Interest has been increasing regarding the association of sex with toxic effects of treatment and clinical outcome in patients with cancer.1 The risk of toxic effects from chemotherapy is greater in women than in men, as shown in lung and colon cancer, sarcoma, Hodgkin lymphoma, and glioblastoma, which can be explained by different pharmacokinetics and pharmacodynamics.1 Few studies have demonstrated better clinical outcome in women with melanoma, lymphoma, glioblastoma, sarcoma, lung cancer, gastric cancer, and anal cancer compared with men,1 but large confirmatory analyses are lacking. Intriguingly, despite the large number of phase 3 multimodal randomized clinical trials published to date for rectal cancer, the association of sex with treatment-related factors and clinical outcome remains largely unexplored for this disease site.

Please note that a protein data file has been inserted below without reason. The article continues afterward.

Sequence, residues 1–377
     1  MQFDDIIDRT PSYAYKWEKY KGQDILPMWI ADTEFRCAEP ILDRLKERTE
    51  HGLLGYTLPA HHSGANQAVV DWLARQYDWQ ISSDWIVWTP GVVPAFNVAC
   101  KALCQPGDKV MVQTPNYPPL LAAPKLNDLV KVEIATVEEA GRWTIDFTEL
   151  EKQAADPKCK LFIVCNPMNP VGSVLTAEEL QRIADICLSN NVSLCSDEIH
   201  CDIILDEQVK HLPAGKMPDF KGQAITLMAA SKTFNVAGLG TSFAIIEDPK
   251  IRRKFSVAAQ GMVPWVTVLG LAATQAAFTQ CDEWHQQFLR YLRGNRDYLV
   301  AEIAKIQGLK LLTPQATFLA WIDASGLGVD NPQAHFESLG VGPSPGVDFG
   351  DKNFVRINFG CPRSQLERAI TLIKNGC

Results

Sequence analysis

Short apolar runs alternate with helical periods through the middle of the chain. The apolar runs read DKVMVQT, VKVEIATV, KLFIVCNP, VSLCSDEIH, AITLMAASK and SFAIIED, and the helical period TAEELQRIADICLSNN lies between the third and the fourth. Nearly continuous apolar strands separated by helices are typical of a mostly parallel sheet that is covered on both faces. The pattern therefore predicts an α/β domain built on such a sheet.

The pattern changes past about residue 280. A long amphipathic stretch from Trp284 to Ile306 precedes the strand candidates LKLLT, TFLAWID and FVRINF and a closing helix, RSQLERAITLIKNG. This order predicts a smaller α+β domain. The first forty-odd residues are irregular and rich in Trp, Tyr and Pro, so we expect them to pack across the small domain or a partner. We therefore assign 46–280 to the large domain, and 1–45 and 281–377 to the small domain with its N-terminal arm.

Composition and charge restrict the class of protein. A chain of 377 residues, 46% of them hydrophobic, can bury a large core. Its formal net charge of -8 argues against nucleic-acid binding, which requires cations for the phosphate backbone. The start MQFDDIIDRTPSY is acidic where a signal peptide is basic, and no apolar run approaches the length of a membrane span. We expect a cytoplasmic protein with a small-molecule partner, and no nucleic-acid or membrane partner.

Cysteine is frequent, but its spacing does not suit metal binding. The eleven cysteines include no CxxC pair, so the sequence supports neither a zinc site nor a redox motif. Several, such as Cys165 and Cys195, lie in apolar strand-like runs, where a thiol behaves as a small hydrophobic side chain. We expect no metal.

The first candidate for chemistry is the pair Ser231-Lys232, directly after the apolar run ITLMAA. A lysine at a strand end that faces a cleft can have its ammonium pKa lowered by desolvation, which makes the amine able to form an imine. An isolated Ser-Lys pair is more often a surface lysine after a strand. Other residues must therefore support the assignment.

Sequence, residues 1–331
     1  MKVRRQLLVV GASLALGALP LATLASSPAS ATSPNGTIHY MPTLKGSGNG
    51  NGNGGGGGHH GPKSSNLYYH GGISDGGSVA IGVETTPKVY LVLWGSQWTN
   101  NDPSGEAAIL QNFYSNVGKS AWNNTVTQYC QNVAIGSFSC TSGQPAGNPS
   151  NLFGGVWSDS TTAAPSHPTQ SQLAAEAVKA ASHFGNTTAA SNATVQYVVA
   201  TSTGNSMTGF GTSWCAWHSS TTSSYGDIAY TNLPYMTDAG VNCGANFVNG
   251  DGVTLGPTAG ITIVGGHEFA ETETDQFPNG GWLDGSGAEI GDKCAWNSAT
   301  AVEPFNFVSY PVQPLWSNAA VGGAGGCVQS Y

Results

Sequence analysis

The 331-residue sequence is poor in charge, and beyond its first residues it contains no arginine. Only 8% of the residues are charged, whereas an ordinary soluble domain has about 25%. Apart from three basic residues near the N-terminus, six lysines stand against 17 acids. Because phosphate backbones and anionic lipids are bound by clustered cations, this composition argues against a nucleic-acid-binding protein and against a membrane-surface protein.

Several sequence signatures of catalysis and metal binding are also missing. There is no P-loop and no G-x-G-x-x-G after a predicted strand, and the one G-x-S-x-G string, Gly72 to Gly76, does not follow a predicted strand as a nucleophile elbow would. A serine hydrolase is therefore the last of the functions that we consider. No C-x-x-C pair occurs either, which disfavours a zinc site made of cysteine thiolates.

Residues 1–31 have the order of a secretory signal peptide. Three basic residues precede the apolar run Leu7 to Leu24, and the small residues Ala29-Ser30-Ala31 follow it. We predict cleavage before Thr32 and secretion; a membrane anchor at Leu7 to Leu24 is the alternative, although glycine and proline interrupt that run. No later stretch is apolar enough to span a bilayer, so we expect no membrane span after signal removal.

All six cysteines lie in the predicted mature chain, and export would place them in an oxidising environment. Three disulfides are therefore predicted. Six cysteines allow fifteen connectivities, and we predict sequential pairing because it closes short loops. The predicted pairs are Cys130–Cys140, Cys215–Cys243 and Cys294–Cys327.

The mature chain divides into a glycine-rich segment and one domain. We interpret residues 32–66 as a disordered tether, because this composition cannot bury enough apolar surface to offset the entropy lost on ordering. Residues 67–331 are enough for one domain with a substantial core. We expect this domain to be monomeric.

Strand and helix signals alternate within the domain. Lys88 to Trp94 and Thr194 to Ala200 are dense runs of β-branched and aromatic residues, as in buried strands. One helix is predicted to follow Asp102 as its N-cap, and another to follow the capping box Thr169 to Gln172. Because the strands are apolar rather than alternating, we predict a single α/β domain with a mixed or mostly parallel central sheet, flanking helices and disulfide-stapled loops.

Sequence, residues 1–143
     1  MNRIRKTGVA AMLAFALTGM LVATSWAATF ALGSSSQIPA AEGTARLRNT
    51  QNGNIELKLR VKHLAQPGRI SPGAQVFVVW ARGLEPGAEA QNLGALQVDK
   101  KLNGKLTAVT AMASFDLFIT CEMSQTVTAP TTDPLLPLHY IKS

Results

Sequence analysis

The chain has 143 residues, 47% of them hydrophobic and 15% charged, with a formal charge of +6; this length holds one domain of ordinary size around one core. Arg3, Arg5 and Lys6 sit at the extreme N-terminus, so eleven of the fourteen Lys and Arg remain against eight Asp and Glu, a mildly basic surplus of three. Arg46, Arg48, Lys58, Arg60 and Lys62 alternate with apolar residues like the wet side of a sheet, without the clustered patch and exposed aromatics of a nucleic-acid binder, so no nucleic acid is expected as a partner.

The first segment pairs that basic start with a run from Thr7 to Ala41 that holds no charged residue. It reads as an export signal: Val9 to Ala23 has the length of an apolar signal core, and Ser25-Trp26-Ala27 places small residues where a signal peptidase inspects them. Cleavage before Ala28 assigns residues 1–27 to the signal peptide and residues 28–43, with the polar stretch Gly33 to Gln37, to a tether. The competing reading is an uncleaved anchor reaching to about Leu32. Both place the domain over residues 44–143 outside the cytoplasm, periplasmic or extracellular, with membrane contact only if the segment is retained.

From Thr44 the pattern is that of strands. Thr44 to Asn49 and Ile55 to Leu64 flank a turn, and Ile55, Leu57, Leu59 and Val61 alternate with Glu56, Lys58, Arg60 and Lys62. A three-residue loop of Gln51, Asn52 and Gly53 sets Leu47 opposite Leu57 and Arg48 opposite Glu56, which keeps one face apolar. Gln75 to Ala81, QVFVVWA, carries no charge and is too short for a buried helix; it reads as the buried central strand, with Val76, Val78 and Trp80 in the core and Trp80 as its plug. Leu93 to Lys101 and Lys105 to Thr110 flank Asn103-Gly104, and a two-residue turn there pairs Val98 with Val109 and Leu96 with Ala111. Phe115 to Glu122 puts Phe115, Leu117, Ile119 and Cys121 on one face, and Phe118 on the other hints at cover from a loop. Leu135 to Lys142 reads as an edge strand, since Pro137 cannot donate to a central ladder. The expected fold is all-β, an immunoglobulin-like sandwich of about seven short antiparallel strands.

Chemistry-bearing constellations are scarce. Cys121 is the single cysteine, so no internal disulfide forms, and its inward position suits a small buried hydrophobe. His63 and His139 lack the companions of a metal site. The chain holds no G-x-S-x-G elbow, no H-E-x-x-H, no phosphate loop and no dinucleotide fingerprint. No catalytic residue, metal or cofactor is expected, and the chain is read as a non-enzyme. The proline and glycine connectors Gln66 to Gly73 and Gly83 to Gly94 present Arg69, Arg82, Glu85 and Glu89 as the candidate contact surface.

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Diefenhardt M, Ludmir EB, Hofheinz R, et al. Association of Sex With Toxic Effects, Treatment Adherence, and Oncologic Outcomes in the CAO/ARO/AIO-94 and CAO/ARO/AIO-04 Phase 3 Randomized Clinical Trials of Rectal Cancer. JAMA Oncol. 2020;6(2):294–296. doi:10.1001/jamaoncol.2019.5102
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